[UPDATE] Terrified White Masculinity in Twentieth-Century American Literature

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NeMLA 41st Anniversary Conference, Montreal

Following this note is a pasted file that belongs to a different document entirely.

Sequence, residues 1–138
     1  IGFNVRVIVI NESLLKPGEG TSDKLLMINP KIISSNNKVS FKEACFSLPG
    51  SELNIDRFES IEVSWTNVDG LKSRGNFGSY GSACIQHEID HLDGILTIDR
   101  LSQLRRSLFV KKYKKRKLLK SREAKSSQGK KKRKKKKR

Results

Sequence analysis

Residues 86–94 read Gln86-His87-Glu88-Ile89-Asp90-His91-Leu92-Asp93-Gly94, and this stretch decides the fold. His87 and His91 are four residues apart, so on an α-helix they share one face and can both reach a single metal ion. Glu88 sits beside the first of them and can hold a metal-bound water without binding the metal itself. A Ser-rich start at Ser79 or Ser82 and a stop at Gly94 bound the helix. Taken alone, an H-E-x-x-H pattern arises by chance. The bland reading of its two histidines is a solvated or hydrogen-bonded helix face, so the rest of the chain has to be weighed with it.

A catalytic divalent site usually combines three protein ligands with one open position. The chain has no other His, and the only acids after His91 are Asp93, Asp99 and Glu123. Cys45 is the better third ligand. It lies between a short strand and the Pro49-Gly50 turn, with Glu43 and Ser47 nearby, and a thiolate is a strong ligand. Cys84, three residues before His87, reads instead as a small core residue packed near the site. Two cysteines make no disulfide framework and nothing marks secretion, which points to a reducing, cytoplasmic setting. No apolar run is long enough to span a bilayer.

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From Quentin Compson to Harry “Rabbit” Angstrom and beyond, twentieth-century American literary representations of white masculinity reveal a preoccupation with the idea of terror. Why? Is terror a necessary condition of white American masculinity? Was it new to the twentieth century, and does it continue in the twenty-first? Do non-white-male authors represent masculinity in its terror? Why does the triangulation of whiteness, masculinity, and “the American century” give rise to so much terror? Please send 250- to 500-word abstract by September 30, 2009 to Sharon Paradiso at sparadis@endicott.edu.

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